Around 50 people gathered at St Paul's on Monday 11 July, eagerly anticipating some new parenting input from Dr. Ruth McConnell, as part of the St Paul's Pastoral Care Workshop series.  Ruth, a Counselling Lecturer at Laidlaw with counselling career extending to workshops and her own practice, presented a talk based on the 'Power to Parent' attachment theory coined by canadian psychologist Dr Gordon Neufeld.

The key theme of the evening was that a 'child's attachment with the adults responsible for their care provides the context for raising them'. If there is no attachment, there is no context, and therefore no power to parent. To be effective parents, we need to first 'have our children's hearts' - the key is not how attached we are to them, but how attached they are to us.

Ruth kicked off the evening by exploring the 3 R's of raising children - Relationship, Rest and Room for growth. Of particular interest were the six key roots of the attachment tree that must be strong and deep in order for our child's 'tree' to grow and mature. The six key roots - senses, sameness, belonging and loyalty, significance, love and being known - grow sequentially and each need to be fully satiated before progressing to the next one in order to develop full attachment and vulnerability. At our deepest core, we are made to love vulnerably, though many of us, for whatever reason, sadly fail to ever reach this stage of attachment.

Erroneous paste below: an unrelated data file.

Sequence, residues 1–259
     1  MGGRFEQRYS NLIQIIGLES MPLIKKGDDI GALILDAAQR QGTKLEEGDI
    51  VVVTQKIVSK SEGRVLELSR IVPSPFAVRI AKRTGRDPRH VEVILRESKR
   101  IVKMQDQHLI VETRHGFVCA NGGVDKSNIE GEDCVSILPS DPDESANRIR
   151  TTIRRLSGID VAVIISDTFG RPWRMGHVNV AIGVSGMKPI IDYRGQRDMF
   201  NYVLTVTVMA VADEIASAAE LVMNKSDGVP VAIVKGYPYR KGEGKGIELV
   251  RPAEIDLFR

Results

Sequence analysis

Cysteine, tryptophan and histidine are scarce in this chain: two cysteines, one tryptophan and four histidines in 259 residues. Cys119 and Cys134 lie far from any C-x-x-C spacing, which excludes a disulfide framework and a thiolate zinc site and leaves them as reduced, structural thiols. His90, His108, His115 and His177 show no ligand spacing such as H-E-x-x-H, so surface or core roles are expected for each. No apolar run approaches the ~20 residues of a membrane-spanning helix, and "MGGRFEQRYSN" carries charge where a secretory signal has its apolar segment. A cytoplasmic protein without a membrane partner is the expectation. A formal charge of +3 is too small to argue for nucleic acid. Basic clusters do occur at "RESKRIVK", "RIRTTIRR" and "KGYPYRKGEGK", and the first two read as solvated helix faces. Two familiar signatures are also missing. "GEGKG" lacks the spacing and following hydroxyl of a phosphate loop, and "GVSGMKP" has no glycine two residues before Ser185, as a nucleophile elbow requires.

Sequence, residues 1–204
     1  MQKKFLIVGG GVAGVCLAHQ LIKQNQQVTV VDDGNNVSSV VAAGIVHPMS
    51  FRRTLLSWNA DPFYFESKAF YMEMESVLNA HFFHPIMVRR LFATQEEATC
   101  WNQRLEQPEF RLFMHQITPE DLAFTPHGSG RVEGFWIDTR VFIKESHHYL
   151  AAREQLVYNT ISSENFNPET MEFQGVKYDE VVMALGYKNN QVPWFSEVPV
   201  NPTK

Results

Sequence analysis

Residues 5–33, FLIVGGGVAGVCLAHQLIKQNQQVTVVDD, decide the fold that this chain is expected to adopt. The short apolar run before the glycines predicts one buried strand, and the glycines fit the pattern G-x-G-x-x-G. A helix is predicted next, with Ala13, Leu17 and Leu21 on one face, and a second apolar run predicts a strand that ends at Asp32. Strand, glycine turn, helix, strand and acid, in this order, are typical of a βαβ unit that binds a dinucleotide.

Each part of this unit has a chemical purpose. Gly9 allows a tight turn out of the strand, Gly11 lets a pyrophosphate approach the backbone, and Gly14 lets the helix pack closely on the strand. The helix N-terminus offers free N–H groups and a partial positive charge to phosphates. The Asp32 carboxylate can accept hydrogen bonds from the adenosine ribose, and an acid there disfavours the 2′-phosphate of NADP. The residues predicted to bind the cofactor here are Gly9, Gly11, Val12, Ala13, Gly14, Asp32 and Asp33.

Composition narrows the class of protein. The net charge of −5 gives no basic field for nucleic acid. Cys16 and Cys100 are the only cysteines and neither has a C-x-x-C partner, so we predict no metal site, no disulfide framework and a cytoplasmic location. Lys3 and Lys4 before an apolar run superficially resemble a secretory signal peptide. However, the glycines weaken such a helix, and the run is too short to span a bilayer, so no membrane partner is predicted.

Ruth helped us ask questions like 'Are we our children's compass point?', 'Am I misusing my power as a parent'? 'Am I providing everything my child needs and then some?' Can they rest in my love or are they always striving to please me, perform, behave?' She explained that we need to be proactive (not reactive) in providing attention, love, time and attachment in order to effectively keep our children's tanks filled. Similarly we need to be proactive in repairing the relationship when it comes undone - "parenting is for life and so is repairing it."

Somewhat a relief for solo parents, it was great to hear that a child only needs strong attachment to one key adult in their life to be able to develop well. That said, 'matchmaking' our children to other key adults in their world that our children can attach to when we are not around is also very important (ie babysitters, teachers, friends, aunts).

If our children are well connected to their key adult(s), this provides the fertiliser for personal growth, independence, emergence, creativity, adaptation and resilience, uniqueness, individuality and sense of self. Attachment also provides children with a shield against bullying, enabling them to less threatened by others because, deep down, they are safely known and loved. Their key adult(s) become their 'true north', helping children to navigate and resist the thorny ground of peer attachment which is often a source of major wounding - in broad terms, peer groups tend to be fickle and superficial in their attachment and ultimately 'clone' each other, suppressing uniqueness, individuality and coercing each other into sameness (Dr. Neufeld explores the case against peer attachment further in his book 'Hold Onto Your Kids').

Overall, it was an enlightening evening and very refreshing to hear alternative parenting resource delivered in a gracious, wise and non-confrontational way. Read what some of the parents who attended had to say…